Learning objects also came up during today’s discussion, in the context of “does anyone use the term anymore ?” Now, I’m not going to open up that particular can of worms here, but actually the fundamental issues of sharing and re-use haven’t changed since the those heady days. I think the work done by the open community not only has made great developments around licencing materials but has allowed us to look again at the core sharing/reuse issues and, more importantly engage (and re-engage) with these more challenging issues of educational practice.

On reflection, I think my attitudes and leanings towards the wider, general use of terms such as practice and literacy, are really down to my own development and practice. I am an unashamed generalist, and not an academic specialist. When I actually created educational content it was always openly (in one form or another) available. When I’ve been involved in staff development it has always been centred around sharing and (hopefully) improving practice and enabling teachers to use technology more effectively. And I hope that through my blogging and twittering I am continuing to develop my open practice. I do feel though that right now it would be timely to step back and take a look a the bigger picture of educational practice and literacies, not least so we can truly engage with the people we ultimately want to benefit from all this work.

6 thoughts on “(Open) Educational practice and (digital) literacy”

  1. Terminology/ jargon has come up as quite an issue at JISC conference http://francesbell.wordpress.com/2011/11/26/jargon-at-jisc-innovating-e-learning-2011-online-conference/ (see comments) and it’s not an easy one to address. I think efforts at clear communication are important but that real dialogue is very important for learning not just dissemination. I have been thinking about how to achieve this with my students – it’s not easy http://francesbell.wordpress.com/2011/10/21/digital-literacies-in-he-constructive-dialogue-between-teachers-and-students/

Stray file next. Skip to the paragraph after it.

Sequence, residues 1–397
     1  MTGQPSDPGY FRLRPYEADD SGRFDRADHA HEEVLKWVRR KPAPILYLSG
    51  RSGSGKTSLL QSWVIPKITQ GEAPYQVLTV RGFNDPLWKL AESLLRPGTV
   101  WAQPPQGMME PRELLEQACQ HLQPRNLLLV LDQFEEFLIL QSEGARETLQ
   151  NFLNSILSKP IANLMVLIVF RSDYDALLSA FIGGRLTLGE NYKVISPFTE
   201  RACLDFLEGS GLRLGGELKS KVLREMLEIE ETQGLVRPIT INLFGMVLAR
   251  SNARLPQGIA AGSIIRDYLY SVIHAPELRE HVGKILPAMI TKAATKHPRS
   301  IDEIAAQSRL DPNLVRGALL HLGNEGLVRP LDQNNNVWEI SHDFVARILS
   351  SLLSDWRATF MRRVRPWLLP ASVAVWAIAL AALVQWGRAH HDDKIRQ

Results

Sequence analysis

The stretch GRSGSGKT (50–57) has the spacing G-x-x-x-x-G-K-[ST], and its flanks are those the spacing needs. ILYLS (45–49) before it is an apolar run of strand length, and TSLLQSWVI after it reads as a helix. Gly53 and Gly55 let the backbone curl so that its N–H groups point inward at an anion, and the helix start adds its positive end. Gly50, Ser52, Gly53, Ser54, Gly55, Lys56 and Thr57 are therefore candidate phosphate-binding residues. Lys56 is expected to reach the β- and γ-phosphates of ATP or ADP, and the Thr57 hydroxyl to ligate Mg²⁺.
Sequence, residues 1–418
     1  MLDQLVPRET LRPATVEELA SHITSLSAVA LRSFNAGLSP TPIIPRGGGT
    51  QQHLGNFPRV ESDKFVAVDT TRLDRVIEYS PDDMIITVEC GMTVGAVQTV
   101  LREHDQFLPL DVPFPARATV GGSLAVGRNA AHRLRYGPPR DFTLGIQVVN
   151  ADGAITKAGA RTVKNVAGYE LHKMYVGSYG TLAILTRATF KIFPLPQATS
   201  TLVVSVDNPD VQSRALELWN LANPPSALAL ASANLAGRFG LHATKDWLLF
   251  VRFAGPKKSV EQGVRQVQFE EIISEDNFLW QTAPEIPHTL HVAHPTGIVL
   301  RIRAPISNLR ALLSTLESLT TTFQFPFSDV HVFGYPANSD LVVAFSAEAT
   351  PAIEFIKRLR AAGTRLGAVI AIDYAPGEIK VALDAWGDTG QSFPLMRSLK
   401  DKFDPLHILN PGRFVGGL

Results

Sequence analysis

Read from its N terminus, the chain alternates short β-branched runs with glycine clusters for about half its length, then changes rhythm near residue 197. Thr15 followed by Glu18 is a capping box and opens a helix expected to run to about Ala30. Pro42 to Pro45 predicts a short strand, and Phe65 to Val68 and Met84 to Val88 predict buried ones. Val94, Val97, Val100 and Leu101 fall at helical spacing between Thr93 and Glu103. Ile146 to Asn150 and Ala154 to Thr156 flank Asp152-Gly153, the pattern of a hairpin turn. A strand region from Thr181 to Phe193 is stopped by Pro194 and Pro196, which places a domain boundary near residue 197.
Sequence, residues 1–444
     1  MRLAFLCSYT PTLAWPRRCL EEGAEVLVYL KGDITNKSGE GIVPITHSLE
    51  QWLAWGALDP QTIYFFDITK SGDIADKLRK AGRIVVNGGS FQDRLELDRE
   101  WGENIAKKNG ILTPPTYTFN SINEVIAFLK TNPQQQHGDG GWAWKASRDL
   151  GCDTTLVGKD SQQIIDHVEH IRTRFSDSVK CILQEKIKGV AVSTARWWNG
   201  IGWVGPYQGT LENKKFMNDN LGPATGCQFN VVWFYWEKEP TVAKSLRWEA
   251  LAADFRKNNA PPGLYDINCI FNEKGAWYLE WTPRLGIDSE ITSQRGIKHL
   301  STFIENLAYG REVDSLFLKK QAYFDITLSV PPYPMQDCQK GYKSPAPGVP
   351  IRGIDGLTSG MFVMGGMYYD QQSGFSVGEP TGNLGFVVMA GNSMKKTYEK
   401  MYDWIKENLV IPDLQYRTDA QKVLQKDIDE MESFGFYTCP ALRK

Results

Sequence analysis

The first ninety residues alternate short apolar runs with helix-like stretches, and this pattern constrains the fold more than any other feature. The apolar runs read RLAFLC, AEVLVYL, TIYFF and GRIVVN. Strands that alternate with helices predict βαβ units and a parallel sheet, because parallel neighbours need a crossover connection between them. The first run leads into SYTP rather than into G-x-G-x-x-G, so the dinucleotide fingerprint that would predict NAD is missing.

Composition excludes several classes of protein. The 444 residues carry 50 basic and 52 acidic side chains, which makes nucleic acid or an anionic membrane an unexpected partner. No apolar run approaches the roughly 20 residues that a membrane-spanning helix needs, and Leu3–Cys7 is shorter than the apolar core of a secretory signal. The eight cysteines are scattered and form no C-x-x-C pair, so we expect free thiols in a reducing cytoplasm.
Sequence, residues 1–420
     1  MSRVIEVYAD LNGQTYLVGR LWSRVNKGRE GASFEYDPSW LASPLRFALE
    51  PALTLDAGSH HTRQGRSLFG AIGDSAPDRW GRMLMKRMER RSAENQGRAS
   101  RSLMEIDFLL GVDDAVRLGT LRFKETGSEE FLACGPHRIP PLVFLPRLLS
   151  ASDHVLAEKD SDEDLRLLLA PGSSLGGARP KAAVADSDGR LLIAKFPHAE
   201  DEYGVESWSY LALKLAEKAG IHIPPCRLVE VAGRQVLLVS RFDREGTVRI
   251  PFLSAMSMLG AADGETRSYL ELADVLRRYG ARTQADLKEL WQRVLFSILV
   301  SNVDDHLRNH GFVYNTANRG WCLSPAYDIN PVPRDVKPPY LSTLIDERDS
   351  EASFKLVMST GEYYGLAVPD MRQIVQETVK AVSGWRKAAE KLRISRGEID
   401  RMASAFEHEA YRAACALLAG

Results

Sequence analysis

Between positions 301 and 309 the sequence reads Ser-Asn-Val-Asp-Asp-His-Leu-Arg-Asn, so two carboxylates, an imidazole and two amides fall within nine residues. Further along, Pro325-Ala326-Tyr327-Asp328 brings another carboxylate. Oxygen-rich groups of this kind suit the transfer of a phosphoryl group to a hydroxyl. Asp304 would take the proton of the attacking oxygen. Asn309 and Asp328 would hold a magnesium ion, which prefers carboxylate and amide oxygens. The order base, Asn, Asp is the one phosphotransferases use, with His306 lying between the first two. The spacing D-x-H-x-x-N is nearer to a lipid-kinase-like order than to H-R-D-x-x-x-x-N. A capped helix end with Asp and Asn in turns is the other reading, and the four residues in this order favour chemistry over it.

Apologies for links to 2 of my own blog posts here;)

  2. Thanks Frances and of course I don’t mind link to your blog. Yes agree dialogue is key to contextualise literacy in broadest sense.


  3. Hi Sheila, arguably academic practice has always been informed by open values, e.g. repeatable experiments, open peer review, public access to learning (to those able to benefit) etc. I think the open web makes it possible to express those values on a completely new and dramatically wider scale. But of course it also makes possible the globalisation of the market in learning, and new kinds of knowledge commodification. So I think it is worth focusing on the democratising aspects of the web as it applies to learning, and ‘open’ seems a reasonable term to describe that focus.

  4. Hi Helen

    Thanks for this. I agree “open” is a reasonable term to describe that process, my point was that we need to make sure that we are truly democratic in our use of it so we don’t close people off before they appreciate what aspects of what they already do are “open” and then don’t get realise the full potential of open practice and OERs.